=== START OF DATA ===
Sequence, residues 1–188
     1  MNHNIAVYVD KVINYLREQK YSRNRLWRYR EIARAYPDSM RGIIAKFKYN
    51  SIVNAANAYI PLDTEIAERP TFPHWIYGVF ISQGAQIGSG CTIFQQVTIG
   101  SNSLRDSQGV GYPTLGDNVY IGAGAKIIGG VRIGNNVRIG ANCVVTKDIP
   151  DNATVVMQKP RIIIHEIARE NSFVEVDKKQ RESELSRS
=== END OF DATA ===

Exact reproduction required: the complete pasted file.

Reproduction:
Sequence, residues 1–188
     1  MNHNIAVYVD KVINYLREQK YSRNRLWRYR EIARAYPDSM RGIIAKFKYN
    51  SIVNAANAYI PLDTEIAERP TFPHWIYGVF ISQGAQIGSG CTIFQQVTIG
   101  SNSLRDSQGV GYPTLGDNVY IGAGAKIIGG VRIGNNVRIG ANCVVTKDIP
   151  DNATVVMQKP RIIIHEIARE NSFVEVDKKQ RESELSRS